The significant potential of bioenergy sourced from renewable woody biomass, including the recognition of the industrial heat component, is being ignored in energy policy development.
Chief Executive Officer of the Australian Forest Products Association (AFPA) Mr Ross Hampton said, “At the Council of Australian Governments (COAG) Energy Council meeting tomorrow, Federal and State Ministers will discuss major transitions in the energy sector, seeking ways to ensure energy markets remain stable and secure, and promote renewable energy options. Bioenergy sourced from renewable biomass has the potential to help realise these goals,”
“The forest products industry could make a significant contribution to delivering lower emissions and affordable renewable energy security, while also providing much needed investment and jobs in forestry, wood and paper product manufacturing,” said Mr Hampton.
Tasmania and South Australia’s recent energy issues have led to suggestions that energy policy, including the Renewable Energy Target, should prioritise investment in those sources of renewable energy that can better substitute for base-load non-renewable power. This approach would result in a focus on bioenergy.
Other countries are adopting ambitious climate targets by incentivising their businesses to transfer from coal, oil and gas heating to heating from renewable biomass sources (i.e. from forestry residues or other sources, such as sugarcane bagasse and slash).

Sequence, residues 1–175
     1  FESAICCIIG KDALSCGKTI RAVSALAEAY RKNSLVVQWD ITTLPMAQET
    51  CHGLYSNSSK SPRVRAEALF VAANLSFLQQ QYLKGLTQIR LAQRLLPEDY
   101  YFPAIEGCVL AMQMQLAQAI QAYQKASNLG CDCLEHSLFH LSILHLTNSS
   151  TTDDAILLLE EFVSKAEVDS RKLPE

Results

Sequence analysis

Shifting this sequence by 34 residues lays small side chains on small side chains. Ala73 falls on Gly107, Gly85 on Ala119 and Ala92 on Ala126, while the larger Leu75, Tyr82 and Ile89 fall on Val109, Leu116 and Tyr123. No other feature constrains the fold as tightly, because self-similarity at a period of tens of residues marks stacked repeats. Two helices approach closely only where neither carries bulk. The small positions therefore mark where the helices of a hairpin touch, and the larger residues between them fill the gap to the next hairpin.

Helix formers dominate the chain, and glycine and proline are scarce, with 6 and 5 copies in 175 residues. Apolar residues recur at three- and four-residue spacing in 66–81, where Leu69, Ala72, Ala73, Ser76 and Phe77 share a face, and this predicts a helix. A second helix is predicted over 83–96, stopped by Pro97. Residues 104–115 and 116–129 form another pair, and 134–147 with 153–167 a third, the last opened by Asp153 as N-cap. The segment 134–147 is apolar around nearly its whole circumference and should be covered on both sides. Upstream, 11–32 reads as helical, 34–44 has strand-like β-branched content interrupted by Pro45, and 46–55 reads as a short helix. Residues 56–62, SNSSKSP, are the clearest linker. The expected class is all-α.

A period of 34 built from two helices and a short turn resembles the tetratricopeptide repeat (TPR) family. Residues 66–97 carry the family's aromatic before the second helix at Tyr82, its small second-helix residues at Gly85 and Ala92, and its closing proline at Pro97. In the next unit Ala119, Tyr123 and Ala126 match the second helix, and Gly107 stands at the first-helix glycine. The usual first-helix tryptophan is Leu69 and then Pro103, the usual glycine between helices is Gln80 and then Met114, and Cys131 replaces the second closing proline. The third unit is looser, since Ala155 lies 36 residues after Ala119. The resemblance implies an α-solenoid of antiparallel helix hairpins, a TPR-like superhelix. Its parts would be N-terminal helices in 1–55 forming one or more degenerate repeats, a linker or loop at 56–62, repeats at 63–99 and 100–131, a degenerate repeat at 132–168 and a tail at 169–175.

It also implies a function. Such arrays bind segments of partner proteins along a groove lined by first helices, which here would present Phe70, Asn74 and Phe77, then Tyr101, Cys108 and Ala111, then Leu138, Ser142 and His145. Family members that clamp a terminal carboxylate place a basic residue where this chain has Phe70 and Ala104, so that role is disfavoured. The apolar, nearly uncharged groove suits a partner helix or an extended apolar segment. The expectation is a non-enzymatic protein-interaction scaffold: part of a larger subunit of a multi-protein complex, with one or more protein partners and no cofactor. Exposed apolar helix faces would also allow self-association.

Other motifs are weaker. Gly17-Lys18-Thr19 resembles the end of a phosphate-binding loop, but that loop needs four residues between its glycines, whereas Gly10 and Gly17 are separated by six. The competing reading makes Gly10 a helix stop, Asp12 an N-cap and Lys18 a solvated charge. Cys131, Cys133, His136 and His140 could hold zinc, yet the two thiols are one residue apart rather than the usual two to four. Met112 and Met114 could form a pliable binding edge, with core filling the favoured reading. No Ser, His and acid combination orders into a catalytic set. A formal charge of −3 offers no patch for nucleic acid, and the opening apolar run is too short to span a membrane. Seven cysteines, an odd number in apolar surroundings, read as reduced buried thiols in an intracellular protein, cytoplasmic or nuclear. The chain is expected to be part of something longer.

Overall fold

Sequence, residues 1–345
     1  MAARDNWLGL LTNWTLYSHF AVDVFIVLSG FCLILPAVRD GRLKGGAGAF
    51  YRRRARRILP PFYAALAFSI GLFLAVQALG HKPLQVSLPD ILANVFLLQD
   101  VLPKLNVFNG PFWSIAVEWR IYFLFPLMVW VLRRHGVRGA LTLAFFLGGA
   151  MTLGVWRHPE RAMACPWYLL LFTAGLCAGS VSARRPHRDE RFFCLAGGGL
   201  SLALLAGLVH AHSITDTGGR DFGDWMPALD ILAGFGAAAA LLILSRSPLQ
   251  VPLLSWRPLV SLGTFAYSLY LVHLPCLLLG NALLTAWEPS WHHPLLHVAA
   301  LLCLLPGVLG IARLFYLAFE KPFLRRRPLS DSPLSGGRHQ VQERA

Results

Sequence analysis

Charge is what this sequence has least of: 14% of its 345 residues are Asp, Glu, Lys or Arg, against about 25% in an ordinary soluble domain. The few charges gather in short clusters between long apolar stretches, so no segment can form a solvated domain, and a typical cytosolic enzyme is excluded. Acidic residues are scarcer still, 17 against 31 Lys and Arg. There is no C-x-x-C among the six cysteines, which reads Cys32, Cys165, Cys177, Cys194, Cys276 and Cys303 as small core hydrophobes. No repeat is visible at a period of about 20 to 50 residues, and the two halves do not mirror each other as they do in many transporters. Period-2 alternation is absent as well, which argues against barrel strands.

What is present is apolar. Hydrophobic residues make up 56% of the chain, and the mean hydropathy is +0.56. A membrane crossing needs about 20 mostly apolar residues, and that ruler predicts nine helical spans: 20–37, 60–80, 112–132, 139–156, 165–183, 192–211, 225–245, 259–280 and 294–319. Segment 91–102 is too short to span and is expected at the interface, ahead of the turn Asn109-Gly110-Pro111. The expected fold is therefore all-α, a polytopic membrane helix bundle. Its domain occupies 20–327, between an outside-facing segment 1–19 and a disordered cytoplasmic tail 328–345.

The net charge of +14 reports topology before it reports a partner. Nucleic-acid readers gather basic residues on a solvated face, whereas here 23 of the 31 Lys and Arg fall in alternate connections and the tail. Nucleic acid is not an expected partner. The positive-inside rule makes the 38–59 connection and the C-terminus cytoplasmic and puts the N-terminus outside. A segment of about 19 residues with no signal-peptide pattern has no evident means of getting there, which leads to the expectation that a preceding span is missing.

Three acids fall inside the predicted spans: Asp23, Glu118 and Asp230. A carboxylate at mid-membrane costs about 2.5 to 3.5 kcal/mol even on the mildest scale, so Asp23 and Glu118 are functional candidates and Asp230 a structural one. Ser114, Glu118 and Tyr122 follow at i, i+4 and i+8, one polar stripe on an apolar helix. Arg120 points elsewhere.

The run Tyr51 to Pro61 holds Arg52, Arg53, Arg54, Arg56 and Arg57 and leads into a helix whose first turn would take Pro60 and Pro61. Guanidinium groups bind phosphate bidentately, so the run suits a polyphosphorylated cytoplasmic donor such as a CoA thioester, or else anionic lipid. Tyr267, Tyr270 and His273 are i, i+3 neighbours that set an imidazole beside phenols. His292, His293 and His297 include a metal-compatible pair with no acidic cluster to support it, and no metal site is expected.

Globally, bioenergy sourced from biomass accounts for around 77% of renewable energy, which represents 13% of the world’s primary energy mix. However, despite having the highest area of forest per capita of the developed nations, Australia uses bioenergy in less than 1% of the electricity production. In contrast, bioenergy contributes up to 16% of renewable power in Finland, 15% in Denmark and more than 7% in Sweden. Ambitious emissions reduction targets and significant new investment could be achieved by supporting bioenergy sourced from renewable biomass including the recognition of the industrial heat component.
AFPA urges COAG Energy Council members to recognise and embrace the potential of bioenergy sourced from renewable biomass in their deliberations on lowering emissions and energy policy reform.